It’s something salmon farmers know from experience: stress makes fish sick. That’s why they take so many steps to avoid stressing the fish, measures like only feeding when water and temperature conditions are just right; maintaining a low density of fish in the pens; and handling the fish as little as possible.
But the scientific cause-and-effect relationships between stressors and fish health are not well-documented. What is actually happening in the fish? It’s not surprising that we are still learning how this works, given that ocean farming is still only a few decades old. But the great thing about developing a new way of farming in an age of science and technology is that we learn quickly.
Koestan Gadan did her doctoral thesis on the link between stress in farmed salmon and viruses, specifically the Infectious Pancreatic Necrosis virus (IPN), which is a concern for farmers in Norway. Gadan defended her doctoral research last month at the Norwegian School of Veterinary Science with her thesis, titled “Studies on stress and innate immunity in relation to infectious pancreatic necrosis virus in Atlantic salmon (Salmo salar L.).”
Gadan discovered that these stress factors lead to increased production of the stress hormone cortisol in the fish. This increase in the level of cortisol affects the immune system of the fish and weaker immunity makes them more susceptible to infections. The fact that stress can trigger an outbreak of IPN is corroborated by the experiences of many in the field. Gadan’s research shows that various environmental factors are stressful to the fish, in turn triggering an increase in the level of cortisol in the blood and causing harm to their congenital immune defence system, which is essential to their capacity to ward off viral infections.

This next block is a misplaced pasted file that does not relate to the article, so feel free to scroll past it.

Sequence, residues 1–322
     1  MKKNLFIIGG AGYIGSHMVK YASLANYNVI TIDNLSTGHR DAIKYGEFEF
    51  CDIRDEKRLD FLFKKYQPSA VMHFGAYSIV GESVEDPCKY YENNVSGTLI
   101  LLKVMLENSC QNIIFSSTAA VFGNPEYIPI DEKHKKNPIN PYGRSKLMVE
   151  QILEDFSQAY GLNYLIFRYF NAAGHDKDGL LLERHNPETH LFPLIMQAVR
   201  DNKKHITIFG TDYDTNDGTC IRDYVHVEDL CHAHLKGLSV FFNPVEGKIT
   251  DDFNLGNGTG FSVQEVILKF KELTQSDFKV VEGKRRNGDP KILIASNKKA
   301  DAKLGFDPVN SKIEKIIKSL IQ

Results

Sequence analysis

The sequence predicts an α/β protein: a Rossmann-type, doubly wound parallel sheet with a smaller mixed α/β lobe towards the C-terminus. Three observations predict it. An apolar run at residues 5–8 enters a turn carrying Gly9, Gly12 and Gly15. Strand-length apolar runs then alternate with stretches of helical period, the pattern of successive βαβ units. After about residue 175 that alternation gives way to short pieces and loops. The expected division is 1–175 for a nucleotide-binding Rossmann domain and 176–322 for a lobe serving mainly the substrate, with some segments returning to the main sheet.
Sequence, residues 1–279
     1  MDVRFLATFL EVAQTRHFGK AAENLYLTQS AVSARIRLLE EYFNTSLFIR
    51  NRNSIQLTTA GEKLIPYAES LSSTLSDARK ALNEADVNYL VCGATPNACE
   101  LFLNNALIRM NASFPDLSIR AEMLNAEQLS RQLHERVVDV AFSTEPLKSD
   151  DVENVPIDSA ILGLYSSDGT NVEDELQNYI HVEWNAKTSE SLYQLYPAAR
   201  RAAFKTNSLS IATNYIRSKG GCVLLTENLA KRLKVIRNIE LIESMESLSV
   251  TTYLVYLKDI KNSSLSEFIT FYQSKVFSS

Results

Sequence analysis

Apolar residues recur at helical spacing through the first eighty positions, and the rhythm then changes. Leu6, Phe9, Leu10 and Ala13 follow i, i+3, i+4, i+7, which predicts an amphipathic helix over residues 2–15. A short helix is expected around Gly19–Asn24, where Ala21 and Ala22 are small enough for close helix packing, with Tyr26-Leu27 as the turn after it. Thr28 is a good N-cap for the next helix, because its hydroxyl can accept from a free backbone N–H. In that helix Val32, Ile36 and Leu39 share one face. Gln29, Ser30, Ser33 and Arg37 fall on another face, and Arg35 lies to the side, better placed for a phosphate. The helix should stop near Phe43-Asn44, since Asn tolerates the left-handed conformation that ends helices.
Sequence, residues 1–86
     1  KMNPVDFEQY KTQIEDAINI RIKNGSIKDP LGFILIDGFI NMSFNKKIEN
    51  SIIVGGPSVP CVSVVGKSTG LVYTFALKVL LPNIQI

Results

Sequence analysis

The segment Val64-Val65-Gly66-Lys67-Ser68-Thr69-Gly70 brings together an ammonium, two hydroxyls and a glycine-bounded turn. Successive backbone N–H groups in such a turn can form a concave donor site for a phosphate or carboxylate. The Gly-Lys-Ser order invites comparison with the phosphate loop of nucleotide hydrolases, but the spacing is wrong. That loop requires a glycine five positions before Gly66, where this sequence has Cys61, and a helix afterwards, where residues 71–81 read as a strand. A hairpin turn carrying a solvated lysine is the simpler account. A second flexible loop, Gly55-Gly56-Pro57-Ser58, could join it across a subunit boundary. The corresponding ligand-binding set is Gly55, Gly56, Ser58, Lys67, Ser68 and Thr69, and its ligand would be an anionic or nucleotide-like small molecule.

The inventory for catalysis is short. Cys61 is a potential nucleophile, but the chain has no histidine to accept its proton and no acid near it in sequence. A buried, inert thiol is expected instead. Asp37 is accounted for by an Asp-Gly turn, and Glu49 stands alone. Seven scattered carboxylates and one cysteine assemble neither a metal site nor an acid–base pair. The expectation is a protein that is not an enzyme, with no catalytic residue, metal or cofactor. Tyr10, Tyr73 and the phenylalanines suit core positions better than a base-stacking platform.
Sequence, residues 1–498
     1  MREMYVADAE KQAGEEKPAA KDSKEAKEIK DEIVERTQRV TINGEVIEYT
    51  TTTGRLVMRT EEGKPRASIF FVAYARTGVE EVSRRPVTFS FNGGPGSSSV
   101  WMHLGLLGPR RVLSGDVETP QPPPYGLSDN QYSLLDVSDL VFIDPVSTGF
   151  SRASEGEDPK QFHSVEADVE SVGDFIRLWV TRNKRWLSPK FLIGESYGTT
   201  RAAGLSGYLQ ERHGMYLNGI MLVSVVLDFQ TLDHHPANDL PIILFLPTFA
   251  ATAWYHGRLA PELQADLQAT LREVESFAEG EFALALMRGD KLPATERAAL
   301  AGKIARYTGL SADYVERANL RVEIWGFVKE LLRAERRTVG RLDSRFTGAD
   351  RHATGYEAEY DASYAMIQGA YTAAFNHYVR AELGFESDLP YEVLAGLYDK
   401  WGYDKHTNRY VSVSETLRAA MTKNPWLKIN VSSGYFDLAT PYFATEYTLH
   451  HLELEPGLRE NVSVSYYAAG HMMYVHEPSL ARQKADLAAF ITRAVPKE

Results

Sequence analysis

Gadan discovered something else that is quite interesting.
Gadan also demonstrated that chronic stress leads to a high level of cortisol over time, which results in increased mortality, a high propagation of viruses and chronic infections. For the first time, she was able to prove that when infected salmon fry were exposed to stress, otherwise benign variants of the IPN virus changed into pathogenic viruses. In other words, stress lowers resistance, increases the “production” of IPN virus in the fish’s internal organs and can lead to benign viruses changing into pernicious variants of the virus.
IPN has not been found in B.C. but it has been observed in Eastern Canada and Europe in different kinds of fish since 1941. But the specific virus isn’t the interesting thing here; it’s how stress makes fish more susceptible to viruses and can even weaken fish to the point that otherwise benign viruses can evolve into harmful variants.
It’s very helpful for farmers to have scientific evidence to explain what they have experienced in the ocean. And hopefully this research will help salmon farmers all around the world learn more about keeping the stress levels of their fish low, and find new ways to prevent viral infections.